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Teacher Resources

High School Laboratory Safety Videos


Why Safety is Important!

Flinn Scientific's goal is to provide the necessary knowledge you need to successfully and safely teach science. We identify and discuss most common safety issues, providing logical and affordable solutions.


The Teacher's Duty of Care

Teachers are responsible for providing instruction, supervision, and a safe learning environment in their science classrooms.


Legal Foundation of Negligence

Negligence and liability are determined based on whether a teacher has followed the required duty of care.


Causes of Laboratory Accidents

Learn how to prevent accidents in the science lab by reviewing common causes of accidents and identifying responsible solutions to avoid these problems.


Legal Analysis—Teacher's Duty to Instruct and Warn

Teachers are responsible for demonstrating proper laboratory techniques and discussing potential safety hazards before laboratory activities.


Ideas to Demonstrate You Are a Responsible Science Teacher

Larry Flinn discusses how teachers can set the precedent that they have acted responsibly and proactively with respect to safety in the science lab.


Legal Analysis—Establishing the Teacher's Duty of Care

An in-depth look at specific case studies involving negligence.


Hazard Communication and the Laboratory Standard

Specific actions are required in order to properly follow both the Hazard Communication and the Laboratory Standards.


Laboratory Ventilation and Use of Fume Hoods

Laboratory ventilation must be well-designed, meet specific criteria, and be regularly tested for proper functionality.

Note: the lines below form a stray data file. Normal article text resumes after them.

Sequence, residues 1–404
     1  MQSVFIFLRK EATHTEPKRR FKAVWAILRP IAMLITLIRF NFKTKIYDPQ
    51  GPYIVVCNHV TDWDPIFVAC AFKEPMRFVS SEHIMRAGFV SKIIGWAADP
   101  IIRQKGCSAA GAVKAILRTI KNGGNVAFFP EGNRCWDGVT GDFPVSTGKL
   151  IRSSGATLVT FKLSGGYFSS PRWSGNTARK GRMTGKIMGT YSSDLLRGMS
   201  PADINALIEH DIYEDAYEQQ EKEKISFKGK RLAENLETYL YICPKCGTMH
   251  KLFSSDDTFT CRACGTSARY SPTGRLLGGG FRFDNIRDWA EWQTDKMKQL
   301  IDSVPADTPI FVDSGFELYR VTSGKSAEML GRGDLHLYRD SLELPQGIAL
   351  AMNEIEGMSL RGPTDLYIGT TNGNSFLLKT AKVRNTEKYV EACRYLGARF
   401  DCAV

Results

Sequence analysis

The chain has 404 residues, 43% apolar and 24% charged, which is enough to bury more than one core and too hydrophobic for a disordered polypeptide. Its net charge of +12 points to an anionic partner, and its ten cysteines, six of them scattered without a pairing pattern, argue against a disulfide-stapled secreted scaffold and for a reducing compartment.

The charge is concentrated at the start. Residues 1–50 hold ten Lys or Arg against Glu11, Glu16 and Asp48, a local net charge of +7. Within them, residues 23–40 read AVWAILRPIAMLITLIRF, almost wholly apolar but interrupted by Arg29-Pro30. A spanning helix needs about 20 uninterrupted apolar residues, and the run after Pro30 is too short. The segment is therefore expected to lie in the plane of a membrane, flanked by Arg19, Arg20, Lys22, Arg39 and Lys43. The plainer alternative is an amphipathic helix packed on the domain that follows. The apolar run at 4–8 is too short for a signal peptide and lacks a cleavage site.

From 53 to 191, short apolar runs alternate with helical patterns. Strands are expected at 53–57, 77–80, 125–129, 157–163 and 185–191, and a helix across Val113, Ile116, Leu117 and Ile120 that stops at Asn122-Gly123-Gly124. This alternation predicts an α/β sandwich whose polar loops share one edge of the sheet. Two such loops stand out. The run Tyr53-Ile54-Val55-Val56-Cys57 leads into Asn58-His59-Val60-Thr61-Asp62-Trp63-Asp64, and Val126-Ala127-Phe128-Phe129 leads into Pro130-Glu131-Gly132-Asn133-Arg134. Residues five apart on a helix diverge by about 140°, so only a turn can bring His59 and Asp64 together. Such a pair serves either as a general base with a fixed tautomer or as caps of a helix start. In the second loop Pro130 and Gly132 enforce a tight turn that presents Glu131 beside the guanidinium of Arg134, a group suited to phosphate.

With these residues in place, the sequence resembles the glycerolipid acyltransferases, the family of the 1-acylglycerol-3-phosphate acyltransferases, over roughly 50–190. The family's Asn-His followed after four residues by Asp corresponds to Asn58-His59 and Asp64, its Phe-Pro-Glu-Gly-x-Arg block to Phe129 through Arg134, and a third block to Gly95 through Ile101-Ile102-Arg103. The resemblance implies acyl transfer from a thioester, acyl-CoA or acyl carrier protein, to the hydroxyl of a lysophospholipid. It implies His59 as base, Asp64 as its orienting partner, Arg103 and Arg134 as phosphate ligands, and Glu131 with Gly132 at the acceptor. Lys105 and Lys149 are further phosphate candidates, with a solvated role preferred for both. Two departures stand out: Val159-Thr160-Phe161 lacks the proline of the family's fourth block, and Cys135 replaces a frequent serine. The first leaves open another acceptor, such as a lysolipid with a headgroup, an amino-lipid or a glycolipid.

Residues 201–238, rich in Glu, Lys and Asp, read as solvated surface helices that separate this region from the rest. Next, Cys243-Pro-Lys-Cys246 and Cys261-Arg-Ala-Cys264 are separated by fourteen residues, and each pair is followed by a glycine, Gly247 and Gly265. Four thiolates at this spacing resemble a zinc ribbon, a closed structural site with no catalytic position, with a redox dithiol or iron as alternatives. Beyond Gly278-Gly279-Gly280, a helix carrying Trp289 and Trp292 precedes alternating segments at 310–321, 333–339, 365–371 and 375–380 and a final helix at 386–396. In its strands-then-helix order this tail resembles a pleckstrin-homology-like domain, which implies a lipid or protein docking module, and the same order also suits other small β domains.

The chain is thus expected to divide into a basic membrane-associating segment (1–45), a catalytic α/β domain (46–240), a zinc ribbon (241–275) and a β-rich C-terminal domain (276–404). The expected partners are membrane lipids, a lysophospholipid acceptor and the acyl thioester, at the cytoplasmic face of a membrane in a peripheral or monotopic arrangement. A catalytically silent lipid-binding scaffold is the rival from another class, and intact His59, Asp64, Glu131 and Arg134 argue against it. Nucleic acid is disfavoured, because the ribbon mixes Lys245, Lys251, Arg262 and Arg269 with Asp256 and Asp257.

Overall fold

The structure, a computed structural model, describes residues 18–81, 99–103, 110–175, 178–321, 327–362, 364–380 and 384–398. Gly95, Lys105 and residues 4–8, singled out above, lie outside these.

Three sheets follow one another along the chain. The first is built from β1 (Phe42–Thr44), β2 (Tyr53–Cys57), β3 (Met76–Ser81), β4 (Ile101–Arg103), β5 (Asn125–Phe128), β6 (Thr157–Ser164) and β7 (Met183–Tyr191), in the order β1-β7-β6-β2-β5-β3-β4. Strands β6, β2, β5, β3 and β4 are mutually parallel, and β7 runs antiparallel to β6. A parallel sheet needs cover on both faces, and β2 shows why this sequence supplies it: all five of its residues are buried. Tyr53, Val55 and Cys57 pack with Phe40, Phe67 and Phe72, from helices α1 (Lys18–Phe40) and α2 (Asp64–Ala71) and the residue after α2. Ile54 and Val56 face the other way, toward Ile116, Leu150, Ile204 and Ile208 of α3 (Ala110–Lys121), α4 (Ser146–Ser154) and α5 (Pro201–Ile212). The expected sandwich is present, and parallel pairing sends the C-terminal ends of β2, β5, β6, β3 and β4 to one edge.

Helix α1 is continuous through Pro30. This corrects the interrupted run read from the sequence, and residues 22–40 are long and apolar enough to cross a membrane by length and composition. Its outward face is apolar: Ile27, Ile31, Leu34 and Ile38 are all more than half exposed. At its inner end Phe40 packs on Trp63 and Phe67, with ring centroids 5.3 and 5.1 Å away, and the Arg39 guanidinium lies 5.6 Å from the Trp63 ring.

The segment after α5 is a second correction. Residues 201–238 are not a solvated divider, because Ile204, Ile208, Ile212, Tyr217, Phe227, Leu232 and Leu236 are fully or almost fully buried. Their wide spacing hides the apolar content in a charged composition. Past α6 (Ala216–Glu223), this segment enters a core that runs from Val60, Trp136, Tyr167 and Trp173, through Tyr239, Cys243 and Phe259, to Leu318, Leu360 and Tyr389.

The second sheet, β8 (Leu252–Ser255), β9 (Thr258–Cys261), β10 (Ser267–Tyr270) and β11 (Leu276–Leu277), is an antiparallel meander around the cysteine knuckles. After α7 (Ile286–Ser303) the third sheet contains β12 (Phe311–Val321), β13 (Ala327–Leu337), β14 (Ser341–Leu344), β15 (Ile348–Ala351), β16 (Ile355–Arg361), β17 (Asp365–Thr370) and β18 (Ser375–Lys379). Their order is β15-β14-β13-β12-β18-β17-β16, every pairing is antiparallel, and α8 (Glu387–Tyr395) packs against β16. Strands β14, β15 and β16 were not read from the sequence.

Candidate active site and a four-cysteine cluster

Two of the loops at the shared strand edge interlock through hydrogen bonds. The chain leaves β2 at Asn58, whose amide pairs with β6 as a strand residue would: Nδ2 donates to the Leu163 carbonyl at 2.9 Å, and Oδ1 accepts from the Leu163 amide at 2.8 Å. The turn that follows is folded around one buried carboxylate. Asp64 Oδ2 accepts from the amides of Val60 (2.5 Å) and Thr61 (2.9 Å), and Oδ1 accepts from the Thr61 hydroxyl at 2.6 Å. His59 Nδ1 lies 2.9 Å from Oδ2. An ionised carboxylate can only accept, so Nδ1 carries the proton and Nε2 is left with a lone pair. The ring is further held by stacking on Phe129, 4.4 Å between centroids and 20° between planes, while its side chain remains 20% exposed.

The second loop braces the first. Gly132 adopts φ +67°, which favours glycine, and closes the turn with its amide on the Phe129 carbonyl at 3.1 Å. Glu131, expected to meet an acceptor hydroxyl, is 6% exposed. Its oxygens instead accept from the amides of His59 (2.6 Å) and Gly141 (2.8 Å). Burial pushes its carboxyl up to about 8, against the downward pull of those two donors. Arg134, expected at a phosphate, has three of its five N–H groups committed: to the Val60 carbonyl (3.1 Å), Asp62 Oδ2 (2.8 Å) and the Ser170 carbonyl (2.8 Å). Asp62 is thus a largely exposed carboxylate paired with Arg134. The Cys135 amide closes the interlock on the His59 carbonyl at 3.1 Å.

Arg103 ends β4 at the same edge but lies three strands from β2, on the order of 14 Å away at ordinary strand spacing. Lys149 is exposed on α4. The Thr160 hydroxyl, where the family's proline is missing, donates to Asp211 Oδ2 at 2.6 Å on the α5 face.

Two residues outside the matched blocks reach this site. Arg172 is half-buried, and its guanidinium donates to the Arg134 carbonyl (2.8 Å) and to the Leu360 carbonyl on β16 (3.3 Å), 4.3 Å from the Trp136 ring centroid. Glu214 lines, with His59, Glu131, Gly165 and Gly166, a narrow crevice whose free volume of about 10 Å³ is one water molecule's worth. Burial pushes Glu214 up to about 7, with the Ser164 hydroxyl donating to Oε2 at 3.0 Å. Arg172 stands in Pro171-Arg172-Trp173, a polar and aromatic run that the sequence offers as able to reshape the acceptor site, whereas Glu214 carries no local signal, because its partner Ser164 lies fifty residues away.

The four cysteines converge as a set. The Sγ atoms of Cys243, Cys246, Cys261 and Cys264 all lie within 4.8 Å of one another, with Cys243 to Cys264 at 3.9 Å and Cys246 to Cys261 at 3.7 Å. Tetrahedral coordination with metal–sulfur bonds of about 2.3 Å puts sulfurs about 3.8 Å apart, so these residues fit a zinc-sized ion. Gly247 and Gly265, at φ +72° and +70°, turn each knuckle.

Material Safety Data Sheets and Chemical Label Requirements

Material Safety Data Sheets require specific information, which can then be included on the chemical label.


Five-Minute Safety Inspection

This brief safety inspection ensures that the most crucial items in the science lab are in proper working condition.


Emergency Alert and First Aid

Emergency alerts and first aid procedures should be in place and practiced before the event of an accident.


Basic Principles of Toxicology

Toxicology depends on variables such as dosage and routes of exposure.


Relative Toxicity—Understanding and Assessing Risk

In order to understand toxicity it is important to understand the basic terminology and guidelines.


Reducing Exposure to Laboratory Chemicals

There are two main types of toxicity— acute and chronic. Avoid the effects of toxic chemicals by protecting yourself from exposure.


FAQ—Applying the Principles of Toxicology

Learn how to protect yourself against toxic chemicals and the steps regulatory agencies take to protect end users.


Goggle Safety

Proper eye protection that is suitable for a given activity should be worn in the laboratory at all times. This basic rule must be strictly enforced by the instructor.


Aprons, Gloves and other PPE

In addition to goggles, students and teachers must wear the necessary personal protective equipment in order to avoid exposure to laboratory chemicals.


FAQ—Proper Lab Attire

Tips on how to enforce the rule that proper lab attire is not optional, but required.


The Duty of Care to Provide and Maintain Safe Laboratory Facilities

The duty to provide a safe learning environment requires that teachers, administration, students, and parents work together.


Master Utility Controls

It is important to know how the water, electric, and gas shutoffs work in the laboratory.